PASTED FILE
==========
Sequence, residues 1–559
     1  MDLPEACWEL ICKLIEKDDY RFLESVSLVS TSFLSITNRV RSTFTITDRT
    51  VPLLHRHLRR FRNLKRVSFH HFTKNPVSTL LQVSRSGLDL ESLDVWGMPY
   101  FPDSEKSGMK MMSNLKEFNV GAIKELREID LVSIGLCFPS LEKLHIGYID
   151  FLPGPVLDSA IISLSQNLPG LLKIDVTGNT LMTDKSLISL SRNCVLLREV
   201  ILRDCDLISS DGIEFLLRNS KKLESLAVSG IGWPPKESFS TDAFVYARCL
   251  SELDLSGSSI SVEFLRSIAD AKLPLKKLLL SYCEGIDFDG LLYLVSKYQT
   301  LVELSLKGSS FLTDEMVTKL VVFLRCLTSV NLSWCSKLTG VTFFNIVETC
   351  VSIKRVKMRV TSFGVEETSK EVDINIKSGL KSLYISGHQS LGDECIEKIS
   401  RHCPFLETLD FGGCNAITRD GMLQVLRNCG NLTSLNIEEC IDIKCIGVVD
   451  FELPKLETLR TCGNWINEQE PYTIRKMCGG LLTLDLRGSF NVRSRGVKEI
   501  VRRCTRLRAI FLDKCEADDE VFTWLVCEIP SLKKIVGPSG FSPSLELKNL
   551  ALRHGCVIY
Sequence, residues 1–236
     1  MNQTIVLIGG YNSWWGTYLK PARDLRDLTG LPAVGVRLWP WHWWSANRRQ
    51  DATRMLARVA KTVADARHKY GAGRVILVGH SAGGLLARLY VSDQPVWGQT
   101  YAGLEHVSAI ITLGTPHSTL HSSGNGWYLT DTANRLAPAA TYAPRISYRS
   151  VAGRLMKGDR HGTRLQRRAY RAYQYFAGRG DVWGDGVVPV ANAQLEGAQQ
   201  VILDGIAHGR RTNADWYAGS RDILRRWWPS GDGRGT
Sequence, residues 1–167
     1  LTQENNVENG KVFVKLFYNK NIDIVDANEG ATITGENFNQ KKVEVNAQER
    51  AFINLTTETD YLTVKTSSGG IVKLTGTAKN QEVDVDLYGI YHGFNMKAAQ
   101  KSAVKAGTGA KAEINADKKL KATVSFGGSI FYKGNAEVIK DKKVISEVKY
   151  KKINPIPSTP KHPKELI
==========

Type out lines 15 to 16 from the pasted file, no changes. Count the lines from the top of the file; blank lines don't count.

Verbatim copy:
     1  MNQTIVLIGG YNSWWGTYLK PARDLRDLTG LPAVGVRLWP WHWWSANRRQ
    51  DATRMLARVA KTVADARHKY GAGRVILVGH SAGGLLARLY VSDQPVWGQT